The Trent Center for Bioethics, Humanities & History of Medicine provides an annual five-session course in the Responsible Conduct of Research (RCR). This course is open to recipients of NIH training grants and fulfills the NIH requirement for RCR education.
Racial and ethnic minorities experience higher rates of disease, disability, and death than their white counterparts. Research to eliminate racial and ethnic disparities in health is a national priority. The Duke HDRC is designed to increase knowledge and skill in the evaluation, design, and conduct of health disparities research thru a curriculum of monthly sessions.
This series of hands-on workshops is based on George Gopen’s seminar, "Scientific Writing from the Reader’s Perspective." We now offer these workshops through the Path to Independence Program and K Club and through other venues upon request. If you are interested in having us present on this or another topic, please contact Joanna Downer at firstname.lastname@example.org or (919) 681-8272.
The Duke University School of Medicine's Clinical Research Training Program (CRTP) provides physicians, investigators and other healthcare professionals with the rigorous academic training in the quantitative and methodological principles of clinical research required to excel in today's dynamic clinical research environment. The program's degree option leads to a Master of Health Sciences in Clinical Research awarded by the Duke School of Medicine.
The K Club is designed to assist junior faculty preparing external career development grant applications (e.g., K23, K01). K Club consists of structured reviews and feedback on grant applications by experienced senior faculty who have served as reviewers for the NIH. (If your next grant is an R01, choose Path to Independence instead of K-club)
This widely acclaimed seminar comprehensively addresses both practical and conceptual aspects that are important to the proposal-writing process. It is an all-day program, held once a year (typically in July). Emphasis is given to such things as idea development, identification of the most appropriate granting agency, how to write for reviewers, and tips and strategies that are of proven value in presenting an applicant's case to reviewers.
Review this slide presentation from a director at the NIH Center for Scientific Review to get familiar with the NIH review process.
This interactive 3-day workshop is designed for junior faculty who are leading a research group. It provides insight into leadership and team-building, as well as direction on how to develop and manage a scientific laboratory or research program, how to improve productivity, and how to harness creativity and innovation.
The Duke Office for Faculty Development offers grant-writing workshops, leadership development programs, a professional development seminar series and networking events.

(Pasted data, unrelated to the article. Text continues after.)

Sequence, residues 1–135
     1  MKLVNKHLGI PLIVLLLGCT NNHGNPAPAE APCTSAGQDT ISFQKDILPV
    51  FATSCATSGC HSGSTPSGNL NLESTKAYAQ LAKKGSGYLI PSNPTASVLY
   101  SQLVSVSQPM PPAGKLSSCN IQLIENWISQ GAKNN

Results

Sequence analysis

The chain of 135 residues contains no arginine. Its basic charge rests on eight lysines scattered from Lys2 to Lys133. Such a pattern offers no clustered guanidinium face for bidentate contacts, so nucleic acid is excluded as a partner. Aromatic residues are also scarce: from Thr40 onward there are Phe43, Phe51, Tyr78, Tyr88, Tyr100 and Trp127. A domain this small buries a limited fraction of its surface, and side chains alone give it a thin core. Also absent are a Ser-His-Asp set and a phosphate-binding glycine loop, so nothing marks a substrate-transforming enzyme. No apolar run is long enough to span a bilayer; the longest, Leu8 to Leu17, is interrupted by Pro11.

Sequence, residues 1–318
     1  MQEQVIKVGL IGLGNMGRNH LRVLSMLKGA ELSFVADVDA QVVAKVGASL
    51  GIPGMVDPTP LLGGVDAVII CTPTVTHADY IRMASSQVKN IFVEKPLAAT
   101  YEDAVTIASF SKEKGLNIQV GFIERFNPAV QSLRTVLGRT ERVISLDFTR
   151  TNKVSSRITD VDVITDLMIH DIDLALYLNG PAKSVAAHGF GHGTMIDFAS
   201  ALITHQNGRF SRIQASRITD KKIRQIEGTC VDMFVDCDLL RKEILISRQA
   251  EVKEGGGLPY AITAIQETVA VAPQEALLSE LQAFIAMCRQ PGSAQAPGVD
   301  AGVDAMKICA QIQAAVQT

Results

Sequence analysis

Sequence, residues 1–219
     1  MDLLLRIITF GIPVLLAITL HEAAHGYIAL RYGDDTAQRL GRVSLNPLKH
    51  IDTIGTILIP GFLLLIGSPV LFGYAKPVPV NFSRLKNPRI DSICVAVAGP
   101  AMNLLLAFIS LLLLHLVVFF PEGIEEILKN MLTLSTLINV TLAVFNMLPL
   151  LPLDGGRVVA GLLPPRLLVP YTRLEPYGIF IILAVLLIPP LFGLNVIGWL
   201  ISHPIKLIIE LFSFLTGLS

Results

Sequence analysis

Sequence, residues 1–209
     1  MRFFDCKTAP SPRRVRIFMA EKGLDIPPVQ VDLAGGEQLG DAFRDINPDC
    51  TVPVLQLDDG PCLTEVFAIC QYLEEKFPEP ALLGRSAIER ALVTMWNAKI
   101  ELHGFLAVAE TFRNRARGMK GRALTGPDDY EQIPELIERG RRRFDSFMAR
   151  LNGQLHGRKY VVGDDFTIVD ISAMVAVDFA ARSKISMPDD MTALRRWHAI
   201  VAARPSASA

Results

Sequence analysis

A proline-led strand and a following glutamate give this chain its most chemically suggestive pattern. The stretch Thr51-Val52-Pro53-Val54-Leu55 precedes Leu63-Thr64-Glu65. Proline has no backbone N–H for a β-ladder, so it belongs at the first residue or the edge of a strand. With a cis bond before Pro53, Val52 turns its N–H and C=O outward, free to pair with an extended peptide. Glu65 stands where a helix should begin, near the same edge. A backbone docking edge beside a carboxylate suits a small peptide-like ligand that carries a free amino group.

The School of Medicine provides guidelines and resources for faculty as they consider their progression through the Appointments, Promotion and Tenure (APT) process.
This series of videos introduces principles and techniques for developing and delivering effective scientific presentations.
myRESEARCHhome provides a single location for research-related tasks and information, putting relevant applications, resources, and information—specific to you and your projects—at your fingertips. Watch the video. You may also request 1:1 training.
myRESEARCHnavigators team assists Duke researchers and support staff with various research needs.
The Duke Office of Research Initiatives is a joint effort of the Office of the Vice Provost for Research, the School of Medicine and the Clinical and Translational Science Institute. The office works to facilitate effective research and collaborations for the Duke research community, serving all researchers (faculty, staff and trainees) across Duke's schools, centers and institutes.
Individual consultations with CTSA: Biostatistics, Epidemiology, and Research Design (BERD)
Work with an interdisciplinary network of clinical investigators conducting research at Duke by providing expertise in study design, implementation of statistical methodology, and interpretation of results.
Individual consultations with CTSA: Community Engaged Research Initiative (CERI)
The CERI Core facilitates equitable, authentic, and robust community-engaged research to improve health.
Individual consultations with Duke Center for Health Informatics (DCHI)
DCHI oversees an innovative interdisciplinary approach to education and research that will produce a new generation of physicians, nurses, and health care administrators with expertise in aggregation, analysis, and use of informatics to improve human health.
To gain an understanding of the principles and practice of team science, complete "The Science of Team Science" module in the COALESCE curriculum.
All students participating in human or animal research must obtain the proper training and protocol approval (IRB for human research and IACUC for animal research) before they can begin their research.
Review the information about Scientific Culture and Accountability (SCAP). Talk to your primary mentor and/or department chair about your department's plan for SCAP. You may also contact Dr. Joanna Downer for information about additional SCAP training.
A 4-day mindfulness training course for professionals, focusing on personal development.
The Medical Center Library teaches literature searching and information management to individuals and groups. They are experts at searching PubMed and other databases and can help you get better results.
Offered by the Duke Medical Center Library.
Edge for Scholars is a space for candid discussions about life in academics.